elihuj
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Enthusiast

LAG Benefits over IP Hash

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Our hosts have 2x10GbE uplinks port-channeled on our Cisco switches, and use Route based on IP hash for LB. What (if any) is the benefit to configuring LACP on the vDS for the uplinks over this method?

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daphnissov
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Generally, both in my experience and those of other experts over the years with whom I've consulted, the demand for using LAG/LACP is usually the following (ranked in order of most prevalent to least):

  1. Customer doesn't know how vSphere works and what features it has with networking.
  2. Ignorance that LAG/LACP is the only method to ensure concurrent link utilization and fail-over capabilities (linked with #1).
  3. Networking team thinks vSphere/ESXi is just like every other physical server / don't want to learn new features.
  4. Company standardization on LAG/LACP based on pre-virtualization technology.
  5. Existing vendor infrastructure/solution requires it (rare; archaic today)

Either #1-3 above is likely to be the reason for the mandate for LAG/LACP if it's coming from the networking team.

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daphnissov
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Firstly, your thread title suggests you're using Load-Based Teaming (LBT), but your post says otherwise. Route based on IP hash is a mechanism for use in a LAG whereas LBT does not rely on LAGs. Which are you using?

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elihuj
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My mistake. I have updated the title to reflect.

Our uplinks are in a port channel, and we're using IP Hash as our balancing method. I am trying to determine if there is any benefit on going through the complexity of setting up LACP and LAG groups in addition to what we have configured now.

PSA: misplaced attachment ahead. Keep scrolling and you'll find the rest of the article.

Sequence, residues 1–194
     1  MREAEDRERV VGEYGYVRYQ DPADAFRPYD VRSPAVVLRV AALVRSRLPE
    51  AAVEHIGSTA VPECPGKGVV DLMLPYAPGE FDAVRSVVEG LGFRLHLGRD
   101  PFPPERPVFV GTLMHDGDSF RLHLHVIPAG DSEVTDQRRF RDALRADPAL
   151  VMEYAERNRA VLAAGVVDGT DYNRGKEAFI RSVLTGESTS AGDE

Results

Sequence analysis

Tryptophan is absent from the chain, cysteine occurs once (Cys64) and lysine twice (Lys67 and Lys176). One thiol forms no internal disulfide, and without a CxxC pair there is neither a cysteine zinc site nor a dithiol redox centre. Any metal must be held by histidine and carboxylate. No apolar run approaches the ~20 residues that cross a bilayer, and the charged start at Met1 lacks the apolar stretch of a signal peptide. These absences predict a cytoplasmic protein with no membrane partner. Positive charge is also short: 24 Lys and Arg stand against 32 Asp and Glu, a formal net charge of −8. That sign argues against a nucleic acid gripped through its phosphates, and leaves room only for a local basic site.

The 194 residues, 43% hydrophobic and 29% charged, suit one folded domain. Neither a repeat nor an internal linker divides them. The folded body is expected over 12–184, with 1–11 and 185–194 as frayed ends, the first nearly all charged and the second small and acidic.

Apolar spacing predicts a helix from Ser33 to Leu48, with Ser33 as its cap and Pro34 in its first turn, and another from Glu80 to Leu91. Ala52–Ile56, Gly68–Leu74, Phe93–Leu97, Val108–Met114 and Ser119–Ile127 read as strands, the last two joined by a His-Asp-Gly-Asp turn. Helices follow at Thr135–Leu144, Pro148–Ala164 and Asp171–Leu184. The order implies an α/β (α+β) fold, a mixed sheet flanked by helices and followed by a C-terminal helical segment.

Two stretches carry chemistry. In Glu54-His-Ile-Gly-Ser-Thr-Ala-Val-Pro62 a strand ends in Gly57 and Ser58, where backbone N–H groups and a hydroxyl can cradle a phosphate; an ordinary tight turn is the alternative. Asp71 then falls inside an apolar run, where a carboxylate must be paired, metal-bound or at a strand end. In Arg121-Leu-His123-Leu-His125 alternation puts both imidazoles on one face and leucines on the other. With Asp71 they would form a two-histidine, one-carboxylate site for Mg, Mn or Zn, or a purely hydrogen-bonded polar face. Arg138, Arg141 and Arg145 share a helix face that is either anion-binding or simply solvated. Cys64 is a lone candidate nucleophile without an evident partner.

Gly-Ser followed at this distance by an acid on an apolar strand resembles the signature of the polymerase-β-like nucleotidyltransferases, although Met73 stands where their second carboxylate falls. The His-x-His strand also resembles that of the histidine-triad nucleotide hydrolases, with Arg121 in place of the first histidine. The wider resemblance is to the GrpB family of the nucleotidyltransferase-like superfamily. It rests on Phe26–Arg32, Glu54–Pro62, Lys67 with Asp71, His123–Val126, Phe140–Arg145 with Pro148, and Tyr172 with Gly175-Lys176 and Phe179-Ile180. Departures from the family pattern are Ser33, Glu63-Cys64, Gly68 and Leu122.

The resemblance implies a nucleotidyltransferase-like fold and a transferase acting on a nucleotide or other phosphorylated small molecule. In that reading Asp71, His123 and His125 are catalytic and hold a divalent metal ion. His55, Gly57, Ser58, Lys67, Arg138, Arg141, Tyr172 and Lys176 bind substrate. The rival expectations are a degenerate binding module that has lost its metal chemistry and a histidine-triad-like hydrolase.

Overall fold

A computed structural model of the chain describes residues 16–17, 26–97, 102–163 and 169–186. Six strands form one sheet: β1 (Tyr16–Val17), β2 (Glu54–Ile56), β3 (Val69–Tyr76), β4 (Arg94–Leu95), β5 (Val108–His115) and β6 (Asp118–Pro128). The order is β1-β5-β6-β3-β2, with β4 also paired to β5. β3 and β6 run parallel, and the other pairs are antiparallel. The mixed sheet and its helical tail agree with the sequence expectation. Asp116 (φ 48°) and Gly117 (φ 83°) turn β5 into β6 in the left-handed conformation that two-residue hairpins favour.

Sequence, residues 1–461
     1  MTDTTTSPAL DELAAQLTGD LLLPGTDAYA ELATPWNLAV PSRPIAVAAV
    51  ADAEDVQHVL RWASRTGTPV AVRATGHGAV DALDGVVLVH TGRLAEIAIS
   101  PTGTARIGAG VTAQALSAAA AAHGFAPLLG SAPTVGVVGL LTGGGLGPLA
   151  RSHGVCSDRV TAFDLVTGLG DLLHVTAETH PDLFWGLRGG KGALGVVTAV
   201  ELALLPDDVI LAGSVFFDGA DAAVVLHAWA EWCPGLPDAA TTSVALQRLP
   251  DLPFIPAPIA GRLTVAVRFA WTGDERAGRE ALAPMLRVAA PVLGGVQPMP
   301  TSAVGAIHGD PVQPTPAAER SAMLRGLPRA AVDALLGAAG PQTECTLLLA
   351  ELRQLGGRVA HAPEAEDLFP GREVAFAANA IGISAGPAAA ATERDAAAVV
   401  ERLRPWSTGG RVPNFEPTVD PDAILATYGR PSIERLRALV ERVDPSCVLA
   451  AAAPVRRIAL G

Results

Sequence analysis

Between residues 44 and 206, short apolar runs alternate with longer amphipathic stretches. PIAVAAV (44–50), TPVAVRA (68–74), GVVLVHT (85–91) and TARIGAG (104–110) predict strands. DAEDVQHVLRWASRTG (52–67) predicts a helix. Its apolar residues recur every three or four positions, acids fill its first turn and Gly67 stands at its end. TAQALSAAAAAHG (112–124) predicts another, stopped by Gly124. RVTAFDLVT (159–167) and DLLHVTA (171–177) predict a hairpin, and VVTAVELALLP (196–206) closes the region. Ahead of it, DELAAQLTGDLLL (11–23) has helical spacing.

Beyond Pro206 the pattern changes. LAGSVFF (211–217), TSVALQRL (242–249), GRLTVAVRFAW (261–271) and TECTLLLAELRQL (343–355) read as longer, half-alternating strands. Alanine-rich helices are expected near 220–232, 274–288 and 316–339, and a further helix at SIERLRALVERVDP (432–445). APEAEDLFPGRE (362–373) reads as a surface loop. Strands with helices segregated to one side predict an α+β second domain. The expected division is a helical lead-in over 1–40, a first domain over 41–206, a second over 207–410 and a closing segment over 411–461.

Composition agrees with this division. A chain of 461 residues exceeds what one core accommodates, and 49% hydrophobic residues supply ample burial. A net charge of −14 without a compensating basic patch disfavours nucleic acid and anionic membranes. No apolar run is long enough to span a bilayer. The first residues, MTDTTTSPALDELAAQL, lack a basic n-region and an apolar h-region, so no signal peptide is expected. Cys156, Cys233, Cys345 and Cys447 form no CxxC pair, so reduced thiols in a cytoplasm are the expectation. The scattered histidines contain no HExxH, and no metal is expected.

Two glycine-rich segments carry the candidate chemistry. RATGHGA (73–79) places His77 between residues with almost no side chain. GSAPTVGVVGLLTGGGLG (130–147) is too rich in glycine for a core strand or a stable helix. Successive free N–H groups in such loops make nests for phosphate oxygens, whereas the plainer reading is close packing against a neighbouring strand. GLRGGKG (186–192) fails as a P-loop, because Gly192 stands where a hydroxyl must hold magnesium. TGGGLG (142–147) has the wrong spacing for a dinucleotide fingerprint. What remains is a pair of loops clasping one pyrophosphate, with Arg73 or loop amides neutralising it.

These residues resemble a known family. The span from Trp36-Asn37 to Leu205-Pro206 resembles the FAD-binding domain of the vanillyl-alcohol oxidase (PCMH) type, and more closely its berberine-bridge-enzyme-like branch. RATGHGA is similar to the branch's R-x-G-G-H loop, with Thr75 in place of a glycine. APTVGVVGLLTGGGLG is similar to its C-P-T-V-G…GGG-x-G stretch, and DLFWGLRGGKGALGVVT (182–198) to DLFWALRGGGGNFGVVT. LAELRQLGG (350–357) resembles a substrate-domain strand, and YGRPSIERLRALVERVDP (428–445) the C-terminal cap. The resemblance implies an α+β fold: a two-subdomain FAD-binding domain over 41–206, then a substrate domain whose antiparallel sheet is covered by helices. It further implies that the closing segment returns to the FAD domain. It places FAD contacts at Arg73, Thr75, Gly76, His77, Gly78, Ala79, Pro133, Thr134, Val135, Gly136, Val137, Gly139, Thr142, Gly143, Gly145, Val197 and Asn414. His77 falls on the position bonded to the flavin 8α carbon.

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daphnissov
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I'm in the process of writing an article about this but don't have it ready yet. My general recommendation (and that of the experienced community), is to use load-based teaming if you're entitled to a vDS and to not use any form of LAG (be that static or LACP/dynamic). There are more pros than cons when it comes to this approach. LBT is simpler to set up, administer later, and troubleshoot because it requires no special switch-side configuration. It's also the only method that is truly able to achieve a balance of pNICs--something which neither bonding method can achieve. So when using vSphere with a vDS entitlement, the strong recommendation is to use LBT and no LAG.

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elihuj
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That's the same conclusion that I've gotten while doing research on it. Would the push of bonding (static/LACP) from Networking be more from a legacy standpoint? Stick with what works kinda thing?

I would definitely be interested in that article once you are finished.

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daphnissov
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Immortal

Generally, both in my experience and those of other experts over the years with whom I've consulted, the demand for using LAG/LACP is usually the following (ranked in order of most prevalent to least):

  1. Customer doesn't know how vSphere works and what features it has with networking.
  2. Ignorance that LAG/LACP is the only method to ensure concurrent link utilization and fail-over capabilities (linked with #1).
  3. Networking team thinks vSphere/ESXi is just like every other physical server / don't want to learn new features.
  4. Company standardization on LAG/LACP based on pre-virtualization technology.
  5. Existing vendor infrastructure/solution requires it (rare; archaic today)

Either #1-3 above is likely to be the reason for the mandate for LAG/LACP if it's coming from the networking team.

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elihuj
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Good stuff, thank you for the clarification daphnissov​.

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